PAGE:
Tuesday, 12th December 2017

Development and Regeneration

           Epithelial cell polarity and cancer

 

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Fernando M. Belmonte

 CSciStaff

CPublications

 

 

 

 

Research summary:

Our main scientific interest is the understanding of epithelial morphogenesis and polarity, as well as their implication in human diseases, such as cancer. We are currently using an organotypic 3-dimensional in vitro model as a basic model system for my research, as well as the zebrafish pronephros and gut epithelial morphogenesis as an in vivo system. In addition, we have initiated a new research direction by using embryonic stem cells (ES) to address these issues.

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Different stagese of cysts formation with a central lumen in MDCKII cells grown in 3D (Matrigel). Stained for Slp2a (green), actin (red) and nuclei (blue).

We are extremely interested in the development of epithelial cell polarity. On the basis of data from simple models, such as cultured mammalian cells, we are beginning to understand the mechanisms that control the establishment and maintenance of epithelial cell polarity and tissue integrity. The Madin-Darby canine kidney (3D MDCK) epithelial cell system is one of the best in vitro models for investigating cell polarity during epithelial morphogenesis (Rodriguez-Fraticelli et al., 2011). However, this model cannot reconstitute the complexity of the in vivo architecture, which includes different cell types, dynamic remodeling, and tissue homeostasis. For this reason, the use of in vivo systems would serve to validate and further characterize the phenotypes observed in vitro. Zebrafish is an excellent model for characterizing (in vivo) the mechanisms for lumen formation identified in the 3D-MDCK system. In addition, it has been recently demonstrated that the core polarity proteins govern spindle orientation in stem cells and epithelial development. Furthermore, the connection between the loss of cell polarity, defective asymmetric cell division and tumor initiation is one of the most surprising and important findings in the field of cancer biology in the past 10 years.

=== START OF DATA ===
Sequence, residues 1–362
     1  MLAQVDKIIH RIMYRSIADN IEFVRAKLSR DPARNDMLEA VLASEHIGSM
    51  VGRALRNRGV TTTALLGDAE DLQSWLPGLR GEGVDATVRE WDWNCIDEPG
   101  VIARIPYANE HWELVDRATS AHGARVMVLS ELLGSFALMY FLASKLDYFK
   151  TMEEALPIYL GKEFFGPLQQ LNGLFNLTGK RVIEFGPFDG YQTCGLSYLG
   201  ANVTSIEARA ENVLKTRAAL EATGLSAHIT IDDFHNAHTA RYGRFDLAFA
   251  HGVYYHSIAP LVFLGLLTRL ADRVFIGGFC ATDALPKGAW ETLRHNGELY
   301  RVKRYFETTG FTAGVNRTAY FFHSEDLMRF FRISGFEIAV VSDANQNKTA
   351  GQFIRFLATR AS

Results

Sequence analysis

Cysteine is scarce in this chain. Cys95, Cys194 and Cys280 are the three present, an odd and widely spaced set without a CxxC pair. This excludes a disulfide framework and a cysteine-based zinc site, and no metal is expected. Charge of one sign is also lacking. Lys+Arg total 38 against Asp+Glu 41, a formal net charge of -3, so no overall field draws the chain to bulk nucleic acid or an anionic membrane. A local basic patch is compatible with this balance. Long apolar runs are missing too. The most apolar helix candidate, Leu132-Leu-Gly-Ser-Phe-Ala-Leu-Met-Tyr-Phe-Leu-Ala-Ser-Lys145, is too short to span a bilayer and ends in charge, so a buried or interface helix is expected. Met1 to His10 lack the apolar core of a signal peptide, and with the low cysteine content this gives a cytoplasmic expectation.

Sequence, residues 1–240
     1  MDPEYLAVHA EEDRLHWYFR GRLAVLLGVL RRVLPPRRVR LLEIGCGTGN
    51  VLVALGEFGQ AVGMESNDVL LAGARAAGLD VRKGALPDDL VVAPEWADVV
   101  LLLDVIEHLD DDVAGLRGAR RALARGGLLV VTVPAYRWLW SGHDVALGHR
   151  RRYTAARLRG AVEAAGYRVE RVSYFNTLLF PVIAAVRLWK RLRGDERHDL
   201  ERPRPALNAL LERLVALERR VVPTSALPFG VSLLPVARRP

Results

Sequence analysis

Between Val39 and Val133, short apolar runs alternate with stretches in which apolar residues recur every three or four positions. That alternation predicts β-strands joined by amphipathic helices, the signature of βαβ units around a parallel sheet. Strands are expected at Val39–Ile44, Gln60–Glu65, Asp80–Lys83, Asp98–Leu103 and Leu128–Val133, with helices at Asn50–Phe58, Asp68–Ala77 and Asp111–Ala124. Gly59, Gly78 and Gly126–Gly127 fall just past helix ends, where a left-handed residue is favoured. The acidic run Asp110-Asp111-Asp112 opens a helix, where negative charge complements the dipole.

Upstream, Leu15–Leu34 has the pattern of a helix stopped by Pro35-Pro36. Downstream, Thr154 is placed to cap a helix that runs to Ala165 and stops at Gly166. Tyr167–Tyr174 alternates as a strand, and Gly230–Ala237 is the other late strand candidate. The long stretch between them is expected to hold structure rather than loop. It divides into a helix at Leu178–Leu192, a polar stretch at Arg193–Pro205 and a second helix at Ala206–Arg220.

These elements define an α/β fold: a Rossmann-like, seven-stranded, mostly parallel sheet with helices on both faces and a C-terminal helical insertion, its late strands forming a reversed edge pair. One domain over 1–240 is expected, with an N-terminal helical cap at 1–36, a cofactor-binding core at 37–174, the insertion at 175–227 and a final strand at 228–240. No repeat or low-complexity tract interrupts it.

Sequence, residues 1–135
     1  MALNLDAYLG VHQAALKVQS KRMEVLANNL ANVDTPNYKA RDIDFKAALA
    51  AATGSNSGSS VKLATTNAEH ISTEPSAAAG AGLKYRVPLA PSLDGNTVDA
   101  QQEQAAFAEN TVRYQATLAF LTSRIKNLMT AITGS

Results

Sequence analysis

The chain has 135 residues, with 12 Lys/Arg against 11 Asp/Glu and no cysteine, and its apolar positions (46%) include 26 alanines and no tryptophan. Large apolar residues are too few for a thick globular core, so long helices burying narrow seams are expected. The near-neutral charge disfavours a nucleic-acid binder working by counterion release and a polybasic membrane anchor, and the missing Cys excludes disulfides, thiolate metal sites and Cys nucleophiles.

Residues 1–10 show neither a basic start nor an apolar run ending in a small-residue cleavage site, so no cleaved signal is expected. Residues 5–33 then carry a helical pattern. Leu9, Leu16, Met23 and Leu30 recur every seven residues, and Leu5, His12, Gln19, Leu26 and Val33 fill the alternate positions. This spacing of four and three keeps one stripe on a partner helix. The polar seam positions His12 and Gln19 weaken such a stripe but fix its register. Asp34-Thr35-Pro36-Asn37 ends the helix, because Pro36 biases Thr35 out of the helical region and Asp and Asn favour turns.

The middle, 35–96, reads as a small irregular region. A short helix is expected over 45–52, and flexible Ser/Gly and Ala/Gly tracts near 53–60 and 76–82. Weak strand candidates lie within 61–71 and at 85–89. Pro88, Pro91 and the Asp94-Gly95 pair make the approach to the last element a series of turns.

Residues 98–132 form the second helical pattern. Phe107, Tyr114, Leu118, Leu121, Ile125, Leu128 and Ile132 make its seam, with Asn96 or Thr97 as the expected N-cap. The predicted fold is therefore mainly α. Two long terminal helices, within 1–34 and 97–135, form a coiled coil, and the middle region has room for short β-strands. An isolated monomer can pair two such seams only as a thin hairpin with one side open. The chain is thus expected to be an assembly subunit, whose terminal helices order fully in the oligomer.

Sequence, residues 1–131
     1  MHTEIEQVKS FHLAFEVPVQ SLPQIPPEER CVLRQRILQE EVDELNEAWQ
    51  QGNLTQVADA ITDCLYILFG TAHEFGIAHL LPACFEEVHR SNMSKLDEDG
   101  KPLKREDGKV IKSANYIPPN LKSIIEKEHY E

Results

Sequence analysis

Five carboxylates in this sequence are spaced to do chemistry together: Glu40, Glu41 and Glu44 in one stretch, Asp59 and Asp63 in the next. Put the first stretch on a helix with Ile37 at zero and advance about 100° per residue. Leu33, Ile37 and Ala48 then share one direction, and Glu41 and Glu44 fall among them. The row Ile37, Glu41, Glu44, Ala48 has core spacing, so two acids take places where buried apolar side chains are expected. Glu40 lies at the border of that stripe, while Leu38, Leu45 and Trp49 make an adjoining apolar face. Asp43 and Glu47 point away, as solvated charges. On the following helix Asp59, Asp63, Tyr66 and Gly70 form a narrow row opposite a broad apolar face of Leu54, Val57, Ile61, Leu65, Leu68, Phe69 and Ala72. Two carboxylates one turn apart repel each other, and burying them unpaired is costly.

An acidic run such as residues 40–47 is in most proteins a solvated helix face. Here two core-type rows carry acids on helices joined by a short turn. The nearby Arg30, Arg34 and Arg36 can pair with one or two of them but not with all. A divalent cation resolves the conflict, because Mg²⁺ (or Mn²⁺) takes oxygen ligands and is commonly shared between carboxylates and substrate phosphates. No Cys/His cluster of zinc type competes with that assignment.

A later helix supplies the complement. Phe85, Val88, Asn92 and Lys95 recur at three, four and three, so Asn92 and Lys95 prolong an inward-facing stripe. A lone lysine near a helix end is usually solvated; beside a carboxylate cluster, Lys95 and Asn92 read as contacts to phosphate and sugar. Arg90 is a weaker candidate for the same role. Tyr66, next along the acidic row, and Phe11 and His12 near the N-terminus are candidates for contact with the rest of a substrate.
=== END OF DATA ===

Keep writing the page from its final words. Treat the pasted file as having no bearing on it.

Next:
Thus, we are focusing on the analysis of proteins that regulate lumen formation in epithelial development, and particularly on two essential aspects: membrane trafficking and spindle orientation. We have two main ongoing projects at the moment:

1.-Functional Characterization of epithelial lumen morphogenesis using 3D-in vitro models and zebrafish

We performed a two-step screening in the 3D-MDCK model to identify candidate proteins involved in lumen formation. We found a set of 14 genes that had not been known to be required for this process. These included tight and adherens junctions, Rho GTPases, lipid signaling and membrane trafficking proteins. We have already published the role of Slp2a/Slp4 in morphogenesis in the 3D-model (Galvez-Santisteban et al., 2012).

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A) transgenic zebrafish expressing a GFP epithelial marker, stainig specifically the apical membrane of epithelial tubules, intestine and pronephros (primary kidney) B) magnification. C) Cross section of a zebrafish embryo, wherein epithelial tubules are identified forming the pronephros and intestine.